The locks at the upper end of the river, from St John's Lock to King's Lock, are manually operated. All other locks on the Thames are hydraulically operated. All locks can be operated by boat crews outside manning hours, although many of the hydraulic locks must be operated manually in this mode. The Environment Agency has in recent years been modifying the hydraulic locks to allow boater operation of the power system when the lock keeper is not present

Locks are popular visitor attractions, and many serve refreshments. Locks were often built adjacent to islands and therefore many are situated in remote locations, hard to find and can only be reached on foot.

Weirs

The Environment Agency has the responsibility of managing the flow of water along the length of the river to prevent flooding on particular reaches. The volume and speed of water down the river is managed by adjusting the gates at each weir. Occasionally this can result in a very fast stream rendering navigation more hazardous. These conditions are indicated by yellow or red warning boards on the lock gates. The Agency cannot legally stop navigation when the red boards are out, but continuing to travel is inadvisable and may invalidate a boater's insurance.

Occasionally flooding is unavoidable, and the Agency issues Flood Warnings with four levels of severity - Flood Watch, Flood Warning, Severe Flood Warning and All Clear. In recent years the Salmon Conservancy has been installing fish ladders at weirs to allow salmon to travel up river.

Today the weirs are often used recreationally by kayakers and canoeists for activities such as whitewater slalom and playboating. Specifically, Hambledon Weir and Boutler's Weir have EA sanctioned modifications made to them for such use.

Reaches

The locks and weirs, in effect, break the river up into 45 lakes or lock reaches. Each lock controls the reach above it and thus identifies it. Each reach has its own character and points of interest.

Many reaches host regattas and other events and these are coordinated through a River User’s Group for the reach. The Environment Agency may close all or part of a reach for an event, but most regattas only require one side of the river which may then be closed off.

When the motive power for boats was provided by horses, a towpath was needed on the bank side. This towpath has formed the basis for the Thames Path which runs between the source and mouth of the river. The path runs between locks and is therefore often the main means of access on land. Where the towpath changes from one side of the river to the other ferries were once provided. These have now almost all disappeared and the Thames Path has to be diverted to the nearest bridge, often a considerable distance, to cope with this.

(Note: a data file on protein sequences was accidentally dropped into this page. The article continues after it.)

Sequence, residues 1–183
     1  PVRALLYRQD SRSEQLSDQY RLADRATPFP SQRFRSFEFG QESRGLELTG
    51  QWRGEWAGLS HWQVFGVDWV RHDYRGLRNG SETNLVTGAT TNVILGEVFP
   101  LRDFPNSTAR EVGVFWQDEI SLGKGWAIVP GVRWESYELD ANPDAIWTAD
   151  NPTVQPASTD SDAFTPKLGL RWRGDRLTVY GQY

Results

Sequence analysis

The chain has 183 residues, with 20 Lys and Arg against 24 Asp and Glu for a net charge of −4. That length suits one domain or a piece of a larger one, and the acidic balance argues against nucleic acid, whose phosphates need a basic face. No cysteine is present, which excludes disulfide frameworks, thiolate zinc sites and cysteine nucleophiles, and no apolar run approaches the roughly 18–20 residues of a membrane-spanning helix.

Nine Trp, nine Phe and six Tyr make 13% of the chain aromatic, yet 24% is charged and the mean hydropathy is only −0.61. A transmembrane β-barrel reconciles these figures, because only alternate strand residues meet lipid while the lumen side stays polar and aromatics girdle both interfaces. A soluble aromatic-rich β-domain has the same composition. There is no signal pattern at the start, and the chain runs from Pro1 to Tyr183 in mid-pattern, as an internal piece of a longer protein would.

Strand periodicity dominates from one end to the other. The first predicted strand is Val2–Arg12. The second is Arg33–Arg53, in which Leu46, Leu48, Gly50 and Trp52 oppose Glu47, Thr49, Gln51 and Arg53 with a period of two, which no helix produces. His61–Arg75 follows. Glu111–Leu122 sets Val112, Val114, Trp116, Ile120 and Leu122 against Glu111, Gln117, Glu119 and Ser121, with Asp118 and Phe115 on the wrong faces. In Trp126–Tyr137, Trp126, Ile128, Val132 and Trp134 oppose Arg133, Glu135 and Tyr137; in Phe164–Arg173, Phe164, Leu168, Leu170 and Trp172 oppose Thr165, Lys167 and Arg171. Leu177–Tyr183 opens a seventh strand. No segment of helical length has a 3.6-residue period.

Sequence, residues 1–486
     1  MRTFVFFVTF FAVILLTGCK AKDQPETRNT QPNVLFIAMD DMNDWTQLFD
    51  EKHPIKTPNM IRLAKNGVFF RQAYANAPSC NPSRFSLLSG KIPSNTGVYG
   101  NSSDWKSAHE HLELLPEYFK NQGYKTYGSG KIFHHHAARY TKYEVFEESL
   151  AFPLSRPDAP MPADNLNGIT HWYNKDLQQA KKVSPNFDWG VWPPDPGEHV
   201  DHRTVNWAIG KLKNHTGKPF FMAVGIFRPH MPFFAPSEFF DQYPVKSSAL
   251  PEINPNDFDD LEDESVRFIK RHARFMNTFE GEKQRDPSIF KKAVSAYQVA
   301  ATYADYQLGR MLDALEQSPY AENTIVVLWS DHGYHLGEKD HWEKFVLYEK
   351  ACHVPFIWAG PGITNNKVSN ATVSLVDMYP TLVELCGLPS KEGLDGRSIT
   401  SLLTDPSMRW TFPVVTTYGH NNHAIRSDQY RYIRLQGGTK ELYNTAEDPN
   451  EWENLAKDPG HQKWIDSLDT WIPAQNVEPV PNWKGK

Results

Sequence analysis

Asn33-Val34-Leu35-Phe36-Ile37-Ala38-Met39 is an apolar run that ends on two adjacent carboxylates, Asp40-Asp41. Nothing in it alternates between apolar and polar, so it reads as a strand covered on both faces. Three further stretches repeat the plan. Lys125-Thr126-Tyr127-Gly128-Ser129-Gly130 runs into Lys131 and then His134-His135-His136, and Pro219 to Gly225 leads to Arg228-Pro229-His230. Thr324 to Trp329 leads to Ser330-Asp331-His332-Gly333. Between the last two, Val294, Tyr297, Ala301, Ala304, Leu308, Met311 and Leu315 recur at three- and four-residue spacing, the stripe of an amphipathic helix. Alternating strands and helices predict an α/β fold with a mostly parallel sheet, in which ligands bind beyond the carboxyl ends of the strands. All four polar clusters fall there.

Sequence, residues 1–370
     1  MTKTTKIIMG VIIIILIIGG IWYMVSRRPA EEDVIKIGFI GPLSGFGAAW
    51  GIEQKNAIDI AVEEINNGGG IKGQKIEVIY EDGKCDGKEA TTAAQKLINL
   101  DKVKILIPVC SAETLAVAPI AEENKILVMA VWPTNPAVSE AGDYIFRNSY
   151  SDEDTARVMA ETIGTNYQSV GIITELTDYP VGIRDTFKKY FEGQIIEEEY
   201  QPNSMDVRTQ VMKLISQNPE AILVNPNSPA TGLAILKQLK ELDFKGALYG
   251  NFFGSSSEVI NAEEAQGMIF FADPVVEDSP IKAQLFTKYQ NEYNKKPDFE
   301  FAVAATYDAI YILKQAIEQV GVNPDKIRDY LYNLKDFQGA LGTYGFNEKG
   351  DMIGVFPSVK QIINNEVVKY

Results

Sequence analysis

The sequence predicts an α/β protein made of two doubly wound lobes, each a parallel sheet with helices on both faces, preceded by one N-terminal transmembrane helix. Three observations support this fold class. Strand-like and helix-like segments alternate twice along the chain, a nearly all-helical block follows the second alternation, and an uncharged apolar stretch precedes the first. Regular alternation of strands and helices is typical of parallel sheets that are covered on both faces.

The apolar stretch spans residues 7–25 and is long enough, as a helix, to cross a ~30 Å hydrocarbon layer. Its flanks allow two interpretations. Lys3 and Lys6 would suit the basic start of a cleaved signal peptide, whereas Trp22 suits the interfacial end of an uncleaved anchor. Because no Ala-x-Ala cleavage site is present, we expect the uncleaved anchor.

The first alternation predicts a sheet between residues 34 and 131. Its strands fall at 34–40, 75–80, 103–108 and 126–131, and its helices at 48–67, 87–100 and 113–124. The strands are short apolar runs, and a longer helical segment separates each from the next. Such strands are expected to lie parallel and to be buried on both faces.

List of locks and weirs

There follows a list of locks and weirs in upstream to downstream order, from source to sea.
*St John's Lock (1790)
*Buscot Lock (1790)
*Grafton Lock (1896)
*Radcot Lock (1892)
*Rushey Lock (1790)
*Shifford Lock (1898)
*Northmoor Lock (1896)
*Pinkhill Lock (1791)
*Eynsham Lock (1928)
*King's Lock (1928)
*Godstow Lock (1790)
*Osney Lock (1790)
*Iffley Lock (1631)
*Sandford Lock (1631)
*Abingdon Lock (1790)
*Culham Lock (1809)
*Clifton Lock (1822)
*Day's Lock (1789)
*Benson Lock (1788)
*Cleeve Lock (1787)
*Goring Lock (1787)
*Whitchurch Lock (1787)
*Mapledurham Lock (1778)
*Caversham Lock (1778)
*Sonning Lock (1773)
*Shiplake Lock (1773)
*Marsh Lock (1773)
*Hambleden Lock (1773)
*Hurley Lock (1773)
*Temple Lock (1773)
*Marlow Lock (1773)
*Cookham Lock (1830)
*Boulter's Lock (1772)
*Bray Lock (1845)
*Boveney Lock (1838)
*Romney Lock (1798)
*Old Windsor Lock (1822)
*Bell Weir Lock (1817)
*Penton Hook Lock (1815)
*Chertsey Lock (1813)
*Shepperton Lock (1813)
*Sunbury Lock (1812)
*Molesey Lock (1815)
*Teddington Lock (1811)
*Richmond Lock (1894)

Additionally, Blake's Lock is located on a reach of the River Kennet that is administered by the Environment Agency as part of the River Thames, and is often counted as a Thames Lock. It is the only manual Thames lock below Oxford.

ee also

* Thames Barrier
* Crossings of the River Thames
* Islands in the River Thames

External links

* [http://www.visitthames.co.uk/uploads/a_users_guide_to_the_River_thames.pdf The must have guide for all Thames users] (published by the Environment Agency)
* [http://www.environment-agency.gov.uk/ Environment Agency]
* [http://www.the-river-thames.co.uk/locks.htm Floating down the river]